MINOR TRANSNATIONALISM, EDITED BY FRANÇOISE LIONNET AND SHU-MEI SHIH, DURHAM, NC: DUKE UNIVERSITY PRESS, 2005
Working against the grain of the previous decade's mainstream postcolonial theory, the collection of essays Minor Transnationalism shifts the focus from the relations between centers and margins of power in the colonial realm to the crosspollination of minor voices and rhizomatic relations in an era of globalization. As my own terminology suggests, editors Françoise Lionnet and Shu-mei Shih take as their point of departure the "minor" category proposed by Gilles Deleuze and Felix Guattari in Kafka: Toward a Minor Literature, in which they describe the minor as "that which a minority constructs within a major language (Deleuze and Guattari 1986,16). Their collection follows Deleuze and Guattari's lead in considering the minor as "affected with a high coefficient of deterritorialization" (16), understanding events in political terms, and recognizing the "collective value" (17) of enunciation.
Minor Transnationalism emerges from a collaborative research endeavor, the Multicampus Research Group on Transnational and Transcolonial Studies, in the University of California system. The fact that these essays resulted from a working group is evident in their cohesion, overlapping concerns, and shared vocabulary. One of the most interesting aspects of the book, then, is this model for cooperative research; it is a collaborative form one might hope to see followed more regularly in similar, interdisciplinary collections in the humanities.
While there are a number of excellent essays in the volume, I'd like to direct readers of IVSQ most particularly to the scholarship engaged with women's studies and the allied questions of gender, sexuality, and feminist theory.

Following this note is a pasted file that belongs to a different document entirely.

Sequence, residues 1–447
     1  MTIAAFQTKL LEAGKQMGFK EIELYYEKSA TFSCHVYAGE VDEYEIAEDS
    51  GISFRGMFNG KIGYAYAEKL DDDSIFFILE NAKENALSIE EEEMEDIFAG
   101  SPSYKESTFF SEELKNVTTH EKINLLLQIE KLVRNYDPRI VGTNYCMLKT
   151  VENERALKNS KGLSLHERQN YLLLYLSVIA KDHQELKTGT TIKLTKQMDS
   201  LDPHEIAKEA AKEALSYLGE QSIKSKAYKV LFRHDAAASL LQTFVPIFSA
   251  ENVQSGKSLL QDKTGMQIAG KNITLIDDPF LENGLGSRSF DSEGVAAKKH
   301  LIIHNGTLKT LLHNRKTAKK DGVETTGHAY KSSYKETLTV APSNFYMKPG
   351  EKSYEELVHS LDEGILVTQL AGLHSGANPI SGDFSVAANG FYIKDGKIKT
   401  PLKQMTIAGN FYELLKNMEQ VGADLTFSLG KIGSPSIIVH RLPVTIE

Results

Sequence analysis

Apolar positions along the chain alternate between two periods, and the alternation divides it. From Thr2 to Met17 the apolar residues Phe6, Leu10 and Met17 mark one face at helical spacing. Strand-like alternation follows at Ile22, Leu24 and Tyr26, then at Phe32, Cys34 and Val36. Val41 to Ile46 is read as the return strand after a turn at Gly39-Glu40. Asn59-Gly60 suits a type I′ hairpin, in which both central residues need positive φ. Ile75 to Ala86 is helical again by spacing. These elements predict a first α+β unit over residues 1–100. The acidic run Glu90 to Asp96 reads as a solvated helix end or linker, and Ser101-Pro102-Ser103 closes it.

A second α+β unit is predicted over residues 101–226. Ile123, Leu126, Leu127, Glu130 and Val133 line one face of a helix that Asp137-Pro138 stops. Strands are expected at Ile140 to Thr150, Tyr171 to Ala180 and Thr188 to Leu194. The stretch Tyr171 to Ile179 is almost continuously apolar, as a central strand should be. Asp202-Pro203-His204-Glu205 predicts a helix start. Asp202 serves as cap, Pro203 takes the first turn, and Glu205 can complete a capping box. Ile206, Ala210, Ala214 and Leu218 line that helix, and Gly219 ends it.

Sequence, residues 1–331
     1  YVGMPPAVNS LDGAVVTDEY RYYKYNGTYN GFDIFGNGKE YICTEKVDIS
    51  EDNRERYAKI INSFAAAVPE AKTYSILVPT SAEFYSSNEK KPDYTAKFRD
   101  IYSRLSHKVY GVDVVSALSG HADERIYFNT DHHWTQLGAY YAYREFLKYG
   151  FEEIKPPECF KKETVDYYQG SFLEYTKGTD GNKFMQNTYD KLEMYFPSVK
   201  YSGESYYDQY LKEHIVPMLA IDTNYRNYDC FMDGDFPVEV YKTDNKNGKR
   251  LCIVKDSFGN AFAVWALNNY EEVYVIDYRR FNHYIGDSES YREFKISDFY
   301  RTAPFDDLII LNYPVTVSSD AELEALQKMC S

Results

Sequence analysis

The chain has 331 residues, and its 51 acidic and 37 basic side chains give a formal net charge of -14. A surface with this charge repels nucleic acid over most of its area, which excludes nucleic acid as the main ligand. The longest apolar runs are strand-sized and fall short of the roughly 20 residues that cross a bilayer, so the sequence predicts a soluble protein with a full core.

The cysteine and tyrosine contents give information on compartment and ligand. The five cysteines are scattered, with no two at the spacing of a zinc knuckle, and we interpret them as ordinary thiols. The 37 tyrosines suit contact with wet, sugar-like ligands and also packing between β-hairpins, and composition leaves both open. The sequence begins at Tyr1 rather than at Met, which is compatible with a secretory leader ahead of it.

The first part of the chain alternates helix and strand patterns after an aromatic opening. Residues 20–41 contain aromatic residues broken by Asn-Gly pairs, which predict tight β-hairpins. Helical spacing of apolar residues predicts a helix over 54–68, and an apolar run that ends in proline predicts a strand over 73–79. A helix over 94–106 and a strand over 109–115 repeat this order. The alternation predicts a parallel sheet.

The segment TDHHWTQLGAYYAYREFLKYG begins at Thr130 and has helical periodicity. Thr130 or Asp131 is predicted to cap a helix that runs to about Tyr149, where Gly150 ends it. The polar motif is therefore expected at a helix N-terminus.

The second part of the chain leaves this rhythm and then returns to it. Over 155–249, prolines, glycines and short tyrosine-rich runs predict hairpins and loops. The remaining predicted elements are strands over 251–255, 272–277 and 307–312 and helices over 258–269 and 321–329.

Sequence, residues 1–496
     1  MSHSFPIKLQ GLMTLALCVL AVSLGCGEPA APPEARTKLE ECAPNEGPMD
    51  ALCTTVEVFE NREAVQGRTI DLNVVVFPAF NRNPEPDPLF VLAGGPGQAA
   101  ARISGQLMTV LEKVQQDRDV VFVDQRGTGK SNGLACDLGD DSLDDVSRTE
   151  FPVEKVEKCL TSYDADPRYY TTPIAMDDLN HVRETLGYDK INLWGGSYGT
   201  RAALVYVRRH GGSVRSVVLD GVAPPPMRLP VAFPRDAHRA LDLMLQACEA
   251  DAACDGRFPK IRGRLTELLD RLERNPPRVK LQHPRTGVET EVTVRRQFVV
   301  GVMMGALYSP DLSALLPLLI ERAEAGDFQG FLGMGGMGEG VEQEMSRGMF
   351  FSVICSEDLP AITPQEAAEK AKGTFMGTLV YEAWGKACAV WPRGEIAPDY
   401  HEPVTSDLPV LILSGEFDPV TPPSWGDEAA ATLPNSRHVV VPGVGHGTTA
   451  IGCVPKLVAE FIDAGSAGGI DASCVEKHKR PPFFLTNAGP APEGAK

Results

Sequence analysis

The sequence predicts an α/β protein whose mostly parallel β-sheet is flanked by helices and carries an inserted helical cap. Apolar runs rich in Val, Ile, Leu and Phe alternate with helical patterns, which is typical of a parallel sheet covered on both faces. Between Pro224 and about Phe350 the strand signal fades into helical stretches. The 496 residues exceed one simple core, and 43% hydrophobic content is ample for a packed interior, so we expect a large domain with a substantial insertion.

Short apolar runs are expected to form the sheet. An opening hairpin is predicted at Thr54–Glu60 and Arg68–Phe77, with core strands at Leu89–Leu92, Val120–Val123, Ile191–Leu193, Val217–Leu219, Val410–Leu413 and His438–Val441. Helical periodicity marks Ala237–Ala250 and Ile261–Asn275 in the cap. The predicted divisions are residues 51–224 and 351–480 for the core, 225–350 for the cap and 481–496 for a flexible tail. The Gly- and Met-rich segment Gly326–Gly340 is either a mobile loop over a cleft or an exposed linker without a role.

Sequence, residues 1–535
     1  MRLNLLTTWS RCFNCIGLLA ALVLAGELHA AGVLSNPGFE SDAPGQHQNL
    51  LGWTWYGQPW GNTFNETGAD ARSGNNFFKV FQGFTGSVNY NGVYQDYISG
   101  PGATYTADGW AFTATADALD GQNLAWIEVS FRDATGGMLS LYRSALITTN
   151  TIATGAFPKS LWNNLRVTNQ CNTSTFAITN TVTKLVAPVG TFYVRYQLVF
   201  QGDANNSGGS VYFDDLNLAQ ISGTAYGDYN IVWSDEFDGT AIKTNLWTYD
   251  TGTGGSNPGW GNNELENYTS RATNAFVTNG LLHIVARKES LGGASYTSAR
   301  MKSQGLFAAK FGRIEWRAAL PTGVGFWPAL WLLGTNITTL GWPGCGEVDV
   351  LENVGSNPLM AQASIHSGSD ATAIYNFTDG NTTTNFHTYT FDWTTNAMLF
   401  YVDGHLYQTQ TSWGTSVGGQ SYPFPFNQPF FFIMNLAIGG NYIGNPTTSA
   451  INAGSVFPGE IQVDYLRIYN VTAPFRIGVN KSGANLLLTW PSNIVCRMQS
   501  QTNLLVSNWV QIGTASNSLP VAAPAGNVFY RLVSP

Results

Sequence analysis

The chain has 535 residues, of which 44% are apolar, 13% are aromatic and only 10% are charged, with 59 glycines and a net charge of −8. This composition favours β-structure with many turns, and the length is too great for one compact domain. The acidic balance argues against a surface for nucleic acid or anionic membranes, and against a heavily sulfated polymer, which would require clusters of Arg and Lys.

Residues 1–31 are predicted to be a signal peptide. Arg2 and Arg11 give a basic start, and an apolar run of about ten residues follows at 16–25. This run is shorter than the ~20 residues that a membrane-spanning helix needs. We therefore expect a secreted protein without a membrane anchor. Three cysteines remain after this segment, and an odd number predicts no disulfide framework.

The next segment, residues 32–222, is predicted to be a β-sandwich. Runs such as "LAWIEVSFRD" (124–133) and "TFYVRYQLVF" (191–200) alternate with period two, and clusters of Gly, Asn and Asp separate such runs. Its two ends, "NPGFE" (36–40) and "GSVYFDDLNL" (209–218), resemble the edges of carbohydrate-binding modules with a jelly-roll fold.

Shu-mei Shih's essay "Towards an Ethics of Transnational Encounters, or, 'When' Does a 'Chinese' Woman Become a 'Feminist'" takes on questions of internationalism presented to feminist theory from the 1960s to the present and reinvigorated in recent years: Is feminism global? Is there a way to understand women's movements transnationally? Can Western feminism relieve itself of the weight of its own assumptions of primacy in the face of perceived non-Western belatedness? The author examines the particular case of Chinese women's movements in relation to Western feminism, providing with this case study a framework through which to pose questions about the international relevance of women's studies.
Susan Koshy's essay, "Postmodern Subaltern," makes a significant contribution to feminist discussions of sex work, abolitionism, prostitutes' rights, and women's human rights. Although she frames her discussion of global prostitution as a critique of Hard t and Negri's Empire-arguing that their focus is excessively European and American-her analysis of the sex slave trade might also be read as an excellent extension of their investigation. …